Other permeating adhesives useful according to the invention include dry-bond laminating adhesives, both acrylic and polyester-based polyurethanes, though their higher molecular weight may require heat or the presence of water or a solvent to ensure that they fully permeate or penetrate the composite coating. This may necessitate the presence of sufficient solvent such that these adhesives would, in practice, be applied as a liquid. Other permeating adhesives that may be useful include wet-bond laminating adhesives, whether polyether or polyester polyurethanes or energy-cured acrylic formulations. These wet-bond laminating adhesives are similar to dry-bond adhesives except that they are liquids when coated or laminated. Structural adhesives that are liquids as applied may be adapted for use according to the invention, and include epoxies and structural acrylics.

The property believed primarily responsible for the ability of the permeating adhesive to fully penetrate or permeate the composite coating and contact the underlying polymer substrate, while securing the composite coating 20 to the protective layer, is the viscosity of the permeating adhesive at the time of contact with the composite coating. The viscosity of the permeating adhesive at the time of application may thus vary, for example, from about 5 cps to about 1,000 cps, or from 10 to 700 cps, or from 20 to 500 cps.

The affinity of the permeating adhesive for the composite coating may also affect the ability of the permeating adhesive to fully penetrate or permeate the composite coating and contact the underlying polymer substrate, while securing the composite coating to the protective layer. For example, adhesive polymers having acrylic functionality may be especially compatible with the composite coatings of the invention which comprise ionic polymers and optionally charged nanoparticles.

The amount of permeating adhesive used may vary widely, based on such factors as intended use of the resulting optical product, the thickness of the composite coating which the adhesive must penetrate, the desired tack, shear, and the like. For example, the permeating adhesive may be applied in an amount of from 1 to 10 lbs./ream.

The means of applying the permeating adhesive to the optical product is not especially limited, so long as the permeating adhesive is sufficiently liquid under the conditions applied so as to fully penetrate or permeate the composite coating and to contact the underlying polymer substrate 15, while securing the composite coating 20 to the protective layer 50. For example, the permeating adhesive may be applied to the protective layer, prior to the protective layer being joined to the composite coating, for example at elevated temperature using slot die coating. Alternatively, the permeating adhesive may be applied to the composite coating, and the protective layer subsequently applied to the composite coating/permeating adhesive so as to secure the protective layer to the composite coating. For composite coatings containing many bi-layer pairs, it may be advantageous to apply the adhesive to the composite coating rather than to the protective layer to ensure that the permeating adhesive permeates entirely through the thickness of the composite coating.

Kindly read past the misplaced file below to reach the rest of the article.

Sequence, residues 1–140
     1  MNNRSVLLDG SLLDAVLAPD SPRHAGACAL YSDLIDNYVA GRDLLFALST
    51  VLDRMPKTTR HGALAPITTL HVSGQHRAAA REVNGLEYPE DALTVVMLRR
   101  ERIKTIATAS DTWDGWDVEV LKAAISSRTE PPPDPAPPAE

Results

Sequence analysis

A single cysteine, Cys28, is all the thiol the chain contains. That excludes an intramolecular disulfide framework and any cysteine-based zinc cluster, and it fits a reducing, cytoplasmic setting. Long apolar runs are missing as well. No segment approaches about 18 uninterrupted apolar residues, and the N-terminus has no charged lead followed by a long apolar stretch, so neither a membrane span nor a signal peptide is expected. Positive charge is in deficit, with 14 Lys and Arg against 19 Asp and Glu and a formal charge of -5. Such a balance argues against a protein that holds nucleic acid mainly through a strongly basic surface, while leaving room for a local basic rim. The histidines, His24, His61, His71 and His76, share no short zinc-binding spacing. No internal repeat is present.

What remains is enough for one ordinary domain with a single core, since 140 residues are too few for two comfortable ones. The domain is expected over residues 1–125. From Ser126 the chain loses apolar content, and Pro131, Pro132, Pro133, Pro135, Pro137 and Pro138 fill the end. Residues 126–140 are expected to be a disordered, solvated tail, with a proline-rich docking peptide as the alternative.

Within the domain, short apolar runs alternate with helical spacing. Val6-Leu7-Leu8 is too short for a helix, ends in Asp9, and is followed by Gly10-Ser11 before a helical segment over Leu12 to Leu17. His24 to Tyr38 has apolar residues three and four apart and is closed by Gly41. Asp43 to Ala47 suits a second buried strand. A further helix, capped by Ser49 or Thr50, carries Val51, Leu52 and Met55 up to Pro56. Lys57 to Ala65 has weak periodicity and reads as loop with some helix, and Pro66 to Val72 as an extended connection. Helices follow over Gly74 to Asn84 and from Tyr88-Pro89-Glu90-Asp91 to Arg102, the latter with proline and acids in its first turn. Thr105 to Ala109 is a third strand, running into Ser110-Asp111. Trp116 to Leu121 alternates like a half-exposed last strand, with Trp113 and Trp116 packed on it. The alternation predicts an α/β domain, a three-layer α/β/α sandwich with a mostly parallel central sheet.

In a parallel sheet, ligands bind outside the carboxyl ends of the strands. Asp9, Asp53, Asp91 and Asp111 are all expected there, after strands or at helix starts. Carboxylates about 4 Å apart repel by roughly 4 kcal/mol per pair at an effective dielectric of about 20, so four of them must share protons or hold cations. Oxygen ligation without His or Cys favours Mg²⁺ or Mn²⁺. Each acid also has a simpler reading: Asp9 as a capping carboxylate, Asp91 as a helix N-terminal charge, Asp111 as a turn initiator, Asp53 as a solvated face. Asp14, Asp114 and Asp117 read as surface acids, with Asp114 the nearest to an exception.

The permeating adhesive of the invention, used to laminate the composite coating to the protective layer, should be distinguished from an adhesive backing that may be used to attach the laminated optical products of the invention to glass, for example for use as a window film. In such cases, a conventional adhesive backing may be used, for example a pressure sensitive adhesive, to attach the optical products of the invention to the surface on which they are to be used, and especially to glass.

The polymer substrate 15 may in the broadest sense be any substrate known in the art as useable as an optical product component, and may be the same or different than the protective layer 50. Suitable polymer substrates and protective layers are typically flexible polymer film, more particularly a polyethylene terephthalate (PET) film of a thickness of between about 10 microns and about 400 microns, or from 12μ to 375μ or a polyvinyl butyral (PVB) film, preferably of a thickness of between 0.01 to 1 mm and more preferably a thickness of 15 to 30 mils. Because prior art optical products that employ dyes exhibit a variety of drawbacks, the polymer substrate and the protective layer are preferably undyed transparent polyethylene terephthalate films. The polymer substrate and/or the protective layer may also be a flexible polyurethane or flexible poly(vinyl chloride) film or may be a flexible multilayer polymer composite film such as a polyurethane-based multilayer composite film as described for example in U.S. Pat. No. 8,765,263, the disclosure of which is incorporated herein by reference.

The polymer substrate 15 and protective layer 50 may further include additives known in the art to impart desirable characteristics. Examples include ultraviolet (UV) absorbing materials such as benzotriazoles, hydroxybenzophenones or triazines. A useful polymer substrate with a UV absorbing additive incorporated therein is described in U.S. Pat. No. 6,221,112, originally assigned to a predecessor assignee of the present invention. The polymer substrate 15 and the protective layer 50 may thus be any substrate known in the art as useable as an optical product component, and may be the same or different than one another.